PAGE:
Project Eastern Mediterranean and Balkan Peninsula:
Primary Corridor to Europe?

Initial investigation areas:   Jordan, Turkey,
Macedonia, Romania
  Speaker: Prof. Dr.Frank Schäbitz

 

Fossils of Homo sapiens sapiens indicate an early dispersal of this species into the Near East as early as 90 ka. Following the "Out of Africa II" model of human evolution, the Jordan valley is generally seen as the corridor through which early modern humans spread from Africa through the Levant and into Europe. Furthermore, the region is part of the so-called Fertile Crescent, where evidence of agriculture and human impact can be traced back to about 11,000 years ago. Therefore, the Near East plays a major role in the understanding of two important phases in European Prehistory characterised by human migrations: The dispersal of early Homo sapiens sapiens out of Africa and the spread of agriculture. The first evidence for the presence of Homo sapiens sapiens in Europe is found in Romania and dates to approximately (uncalibrated) 35 ka BP. However, due to the limitations of the anthropological data, only a patchy reconstruction of the routes into Europe has been possible until now and the archaeology of the first groups of Homo sapiens sapiens that entered Europe is still unknown. For both migratory events, the detailed framework of climatic and environmental conditions still requires extensive research.

Within a trajectory of early human migrations the spans from the Eastern Mediterranean to the Balkan Peninsula, these are the gaps that the B Cluster intends to close:

  1. What were the climatic conditions in the area in the Late Quaternary and how didclimatic fluctuation and environmental forcing influence both the dispersal of Modern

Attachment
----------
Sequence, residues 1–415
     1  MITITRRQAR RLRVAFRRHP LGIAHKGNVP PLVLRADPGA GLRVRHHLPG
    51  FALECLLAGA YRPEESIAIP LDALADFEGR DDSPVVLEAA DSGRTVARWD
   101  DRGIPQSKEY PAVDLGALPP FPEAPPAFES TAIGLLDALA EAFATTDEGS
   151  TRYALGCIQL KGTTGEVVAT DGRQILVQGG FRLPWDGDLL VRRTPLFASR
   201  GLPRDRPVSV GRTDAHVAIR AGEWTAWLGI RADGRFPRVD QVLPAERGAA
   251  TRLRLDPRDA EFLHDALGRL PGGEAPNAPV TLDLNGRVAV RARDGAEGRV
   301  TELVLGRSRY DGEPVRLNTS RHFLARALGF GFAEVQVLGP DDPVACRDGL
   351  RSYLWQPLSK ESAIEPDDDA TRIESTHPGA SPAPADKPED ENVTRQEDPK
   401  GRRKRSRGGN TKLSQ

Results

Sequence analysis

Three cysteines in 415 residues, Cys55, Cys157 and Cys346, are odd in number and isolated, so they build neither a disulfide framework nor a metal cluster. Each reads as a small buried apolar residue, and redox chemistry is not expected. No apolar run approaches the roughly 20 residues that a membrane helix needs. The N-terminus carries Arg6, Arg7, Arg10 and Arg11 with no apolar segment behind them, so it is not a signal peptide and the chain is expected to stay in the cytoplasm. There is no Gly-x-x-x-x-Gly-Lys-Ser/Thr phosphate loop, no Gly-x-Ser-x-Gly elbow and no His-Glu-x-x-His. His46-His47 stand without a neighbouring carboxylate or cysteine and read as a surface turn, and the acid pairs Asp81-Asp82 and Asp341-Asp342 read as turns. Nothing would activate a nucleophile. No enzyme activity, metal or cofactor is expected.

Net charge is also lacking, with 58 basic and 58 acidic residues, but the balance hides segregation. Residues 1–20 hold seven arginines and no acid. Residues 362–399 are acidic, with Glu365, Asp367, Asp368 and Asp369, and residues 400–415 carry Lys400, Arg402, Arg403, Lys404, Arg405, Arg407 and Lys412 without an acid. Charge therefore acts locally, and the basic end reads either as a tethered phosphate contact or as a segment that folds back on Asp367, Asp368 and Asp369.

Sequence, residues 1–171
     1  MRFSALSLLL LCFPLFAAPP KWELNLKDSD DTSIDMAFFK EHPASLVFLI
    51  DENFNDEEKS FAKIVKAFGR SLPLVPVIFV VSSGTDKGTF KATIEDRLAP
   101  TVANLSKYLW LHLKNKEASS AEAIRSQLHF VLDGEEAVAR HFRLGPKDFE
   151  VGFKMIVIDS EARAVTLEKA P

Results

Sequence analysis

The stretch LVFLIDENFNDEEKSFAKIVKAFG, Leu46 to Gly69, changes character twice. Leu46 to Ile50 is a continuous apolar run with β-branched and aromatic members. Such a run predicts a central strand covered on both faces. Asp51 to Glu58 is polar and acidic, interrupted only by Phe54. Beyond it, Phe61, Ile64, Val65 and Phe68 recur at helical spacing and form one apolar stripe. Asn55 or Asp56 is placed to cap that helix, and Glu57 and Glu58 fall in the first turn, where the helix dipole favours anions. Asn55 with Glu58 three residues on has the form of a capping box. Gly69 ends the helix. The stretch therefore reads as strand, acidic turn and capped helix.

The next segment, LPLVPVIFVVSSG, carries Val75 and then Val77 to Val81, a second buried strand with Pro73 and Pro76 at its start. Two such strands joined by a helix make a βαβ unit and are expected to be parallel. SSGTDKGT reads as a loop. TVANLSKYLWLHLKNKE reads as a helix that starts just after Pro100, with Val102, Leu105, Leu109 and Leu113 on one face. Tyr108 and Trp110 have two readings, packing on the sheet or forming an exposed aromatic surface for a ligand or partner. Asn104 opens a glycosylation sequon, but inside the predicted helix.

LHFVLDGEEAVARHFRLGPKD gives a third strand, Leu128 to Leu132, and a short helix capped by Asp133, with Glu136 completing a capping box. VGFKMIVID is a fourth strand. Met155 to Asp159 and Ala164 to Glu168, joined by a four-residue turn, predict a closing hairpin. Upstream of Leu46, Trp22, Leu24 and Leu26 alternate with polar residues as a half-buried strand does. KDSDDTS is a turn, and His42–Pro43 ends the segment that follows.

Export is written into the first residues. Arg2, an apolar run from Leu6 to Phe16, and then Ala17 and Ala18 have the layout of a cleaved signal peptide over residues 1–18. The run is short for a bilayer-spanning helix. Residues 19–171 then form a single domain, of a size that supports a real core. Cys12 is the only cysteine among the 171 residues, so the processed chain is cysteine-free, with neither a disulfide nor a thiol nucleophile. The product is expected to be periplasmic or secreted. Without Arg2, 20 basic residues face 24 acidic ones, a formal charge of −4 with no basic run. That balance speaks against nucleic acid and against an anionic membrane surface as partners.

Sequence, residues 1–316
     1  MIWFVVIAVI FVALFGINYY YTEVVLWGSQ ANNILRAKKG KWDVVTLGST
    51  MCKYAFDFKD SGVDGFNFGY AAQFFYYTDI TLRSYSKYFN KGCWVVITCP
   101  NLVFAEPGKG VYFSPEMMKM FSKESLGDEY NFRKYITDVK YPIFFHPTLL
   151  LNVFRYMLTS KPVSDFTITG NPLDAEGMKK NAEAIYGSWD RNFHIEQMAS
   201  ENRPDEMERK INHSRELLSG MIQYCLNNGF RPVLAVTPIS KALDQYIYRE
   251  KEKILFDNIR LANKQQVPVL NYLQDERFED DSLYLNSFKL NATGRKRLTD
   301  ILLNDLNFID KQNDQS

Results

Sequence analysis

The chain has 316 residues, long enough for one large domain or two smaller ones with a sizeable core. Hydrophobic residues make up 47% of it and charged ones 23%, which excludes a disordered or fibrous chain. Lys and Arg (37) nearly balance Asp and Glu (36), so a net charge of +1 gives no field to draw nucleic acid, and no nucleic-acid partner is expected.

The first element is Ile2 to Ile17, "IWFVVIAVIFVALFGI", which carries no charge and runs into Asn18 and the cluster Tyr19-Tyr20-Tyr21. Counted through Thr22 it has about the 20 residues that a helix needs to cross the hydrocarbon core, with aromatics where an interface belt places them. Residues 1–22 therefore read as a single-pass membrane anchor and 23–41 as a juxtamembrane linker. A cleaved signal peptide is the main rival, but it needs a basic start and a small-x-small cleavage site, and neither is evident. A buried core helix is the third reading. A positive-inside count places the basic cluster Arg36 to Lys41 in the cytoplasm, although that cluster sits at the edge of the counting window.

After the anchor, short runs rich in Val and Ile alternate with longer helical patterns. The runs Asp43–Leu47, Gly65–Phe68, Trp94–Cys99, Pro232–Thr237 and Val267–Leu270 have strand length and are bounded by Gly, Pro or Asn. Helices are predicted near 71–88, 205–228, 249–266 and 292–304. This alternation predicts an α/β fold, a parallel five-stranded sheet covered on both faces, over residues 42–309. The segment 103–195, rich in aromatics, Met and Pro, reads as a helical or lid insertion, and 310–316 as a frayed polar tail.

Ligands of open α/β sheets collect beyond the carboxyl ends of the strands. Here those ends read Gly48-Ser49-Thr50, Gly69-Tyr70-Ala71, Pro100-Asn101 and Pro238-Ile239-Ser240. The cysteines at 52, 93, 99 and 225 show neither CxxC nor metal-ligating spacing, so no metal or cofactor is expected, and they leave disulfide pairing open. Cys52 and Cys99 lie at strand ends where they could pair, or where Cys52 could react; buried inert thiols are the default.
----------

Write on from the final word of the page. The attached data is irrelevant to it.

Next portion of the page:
Man and the spread of agriculture into Europe?
  2. What kind of land use patterns were employed by early Homo sapiens sapiens in the Near East, how did they develop through time and what changes in these land use
    patterns allowed the dispersal into European habitats formerly not occupied?
  3. Was there only a single Upper Pleistocene dispersal from Africa into Europe, followed by demographic developments of an essentially homogenous Homo sapiens sapiens
    population, or several migration events, displacing already established groups?

The “Eastern Trajectory” project aims to cover essential segments of possible routes from Africa and the Near East into Europe. In the first project phase, our work will focus on three regions:

  1. The Jordan valley (B1, B3) at the sensitive border between the Mediterranean and Irano-Turanian vegetation zones, where climatic fluctuations probably resulted in
    considerable horizontal and vertical movements of ecozones. Particularly, the highfluctuation climate changes at the end of the Pleistocene coincide with major
    socioeconomic changes (transitions Middle/Upper Palaeolithic – Natufian/Pre-Pottery Neolithic).
  2. The Marmara region and Western Turkey, which are situated in a key position for monitoring the stepwise extension of Neolithic culture from Asia Minor to the Balkans. The area has been settled long before Early Neolithic times and the influence of environmental factors has been subject to rapid and frequent changes. However, the knowledge of the route of Modern Man from Turkey to Europe is still poor; to date, it isnot even possible to determine whether this bridge between the Middle East and Europe was used or not. Palaeoclimatic conditions are archived in sediments of Lake Iznik (B4).
  3. In the Balkans, the oldest European Homo sapiens sapiens fossils known so far were found in Romania. Major excavations in Romania and Ukraine will be supported by surveys and soundings; the sediments in the vicinity of the sites will be interpreted in their palaeoecological context (B1). Backing up the archaeological work, the Late Quaternary climatic and environmental history of the Balkan region will be reconstructed on a sub-millennial time scale by the investigation of sediment records from the lakes Prespa and Dojran (B2) at the Macedonian/Albanian/Greek border. Since the lakes are located in the main tree refugial areas of important central European forest species during the glacial periods, they are considered to have archived sensitively past changes of temperatures and precipitation.

Pre-site surveys at other potential sites for the second phase of the CRC will be carried out, e.g. in the Peloponnesus (Greece) and on the Thracian Plains (Bulgaria, B2) as well as on archaeological sites and sediment profiles in SE Turkey (B1).

 

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